Fichandler was born in Boston and was raised in Washington, D.C. since she was four. She was Helga in Helga and the White Peacock when she was eight and when she was eleven she won an essay contest in the Washington Star on how she wanted “’to be different people.’ It wasn’t really to be famous or rich, I said, but it was to show people ‘what other people could be like’” (Fichandler). Her father died without ever seeing the Arena and Fichandler says that “I don’t think he knew that I was going to land in theatre.”

Schooling

Zelda went to Cornell where she excelled in piano and learned Russian. She made money translating Russian to English. She read Chekhov and took classes about Soviet civilization. It was a class when Edward Mangum said to her, “Do you all know that the professional theatre in America consists of [ten] blocks on Broadway and nothing more? Touring shows, a lot of community theatre, nonprofessional. How does this sound to you? How does this seem to you” (Fichandler).

Profession

In Washington they found an abandoned movie house that the converted into a 247-seat arena. Mangum and Fichandler had to raise $15,000 dollars to renovate the old movie house. “There was this economic  fallacy which we bought into—that it would be cheaper because it didn’t have flats and drops” (Fichandler).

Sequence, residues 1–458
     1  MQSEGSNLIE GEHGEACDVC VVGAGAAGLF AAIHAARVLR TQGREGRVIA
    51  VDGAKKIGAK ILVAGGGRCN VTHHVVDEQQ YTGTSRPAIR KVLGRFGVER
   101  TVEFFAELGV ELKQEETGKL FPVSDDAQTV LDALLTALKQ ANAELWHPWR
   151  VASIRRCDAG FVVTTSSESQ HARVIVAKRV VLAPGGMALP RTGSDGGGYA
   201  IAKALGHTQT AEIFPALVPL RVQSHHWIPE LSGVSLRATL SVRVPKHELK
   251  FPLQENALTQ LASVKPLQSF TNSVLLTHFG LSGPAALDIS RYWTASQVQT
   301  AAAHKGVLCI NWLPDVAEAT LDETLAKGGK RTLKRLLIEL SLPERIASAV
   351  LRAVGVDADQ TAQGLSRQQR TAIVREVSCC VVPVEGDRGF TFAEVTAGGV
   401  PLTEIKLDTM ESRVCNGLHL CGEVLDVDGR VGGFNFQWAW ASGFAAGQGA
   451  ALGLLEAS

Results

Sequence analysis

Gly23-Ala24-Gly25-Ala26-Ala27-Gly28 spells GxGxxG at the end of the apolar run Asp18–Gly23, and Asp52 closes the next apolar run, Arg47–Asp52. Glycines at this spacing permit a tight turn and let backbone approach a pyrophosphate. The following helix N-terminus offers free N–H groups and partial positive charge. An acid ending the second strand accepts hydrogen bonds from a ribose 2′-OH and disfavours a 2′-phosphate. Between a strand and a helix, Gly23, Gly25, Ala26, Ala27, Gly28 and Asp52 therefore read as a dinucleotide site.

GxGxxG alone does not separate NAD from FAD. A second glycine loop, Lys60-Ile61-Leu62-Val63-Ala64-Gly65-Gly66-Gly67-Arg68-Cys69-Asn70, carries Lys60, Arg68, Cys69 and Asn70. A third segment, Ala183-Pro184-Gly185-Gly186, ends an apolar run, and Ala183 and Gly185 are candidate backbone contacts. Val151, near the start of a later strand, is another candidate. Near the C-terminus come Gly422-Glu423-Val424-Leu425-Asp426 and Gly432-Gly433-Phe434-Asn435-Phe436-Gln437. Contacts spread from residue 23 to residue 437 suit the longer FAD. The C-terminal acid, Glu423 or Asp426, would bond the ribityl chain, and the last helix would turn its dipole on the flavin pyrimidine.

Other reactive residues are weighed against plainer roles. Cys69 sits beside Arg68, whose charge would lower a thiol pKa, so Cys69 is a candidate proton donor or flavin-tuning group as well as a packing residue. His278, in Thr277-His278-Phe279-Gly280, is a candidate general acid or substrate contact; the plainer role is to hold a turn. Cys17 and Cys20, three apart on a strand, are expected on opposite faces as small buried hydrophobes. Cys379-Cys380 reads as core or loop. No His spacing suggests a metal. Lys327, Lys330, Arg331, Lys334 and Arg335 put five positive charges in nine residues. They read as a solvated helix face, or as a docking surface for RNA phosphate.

They started planning their permanent location while they were in their second “home” called the Old Vat by their costume designer, Jane  planning their permanent location while they were in their second “home” called the Old Vat by their costume designer, Jane Stanhope. She had just been to England and seen the Old Vic and so name it the “Old Vat” because it was a “brewery and there were all these beer-making kettles lying around” (Fichandler). Mangum was intrigued with the arena stage because he saw Margo Jones’. “[I]t  was the intimacy of the form that caught his imagination” (Fichandler).  The Old Vat sat 500 people and was not air-conditioned. They were there for five years (Fichandler).

In October of ’61 the Arena was built and in 1970 the Kreeger joined it. “I prefer the Arena. I think I can do anything in there and it invites a more expressionistic, a more poetic discovery of the play” (Fichandler). In 1973 the company toured the Soviet Union.  She realized that “you can’t do everything in the Arena” because of one of the plays she saw there (Fichandler). “So the Kreeger serves its purpose,” Zelda Fichandler says. “It allowed us also to do plays where only 500 people a night need come, instead of 832, so maybe we could do our riskier plays in there” (Fichandler). In 1990 she stepped down from the Arena to be the “director of New York University’s graduate acting programme” (Oxford Encyclopedia of Theatre and Performance: Zelda Fichandler).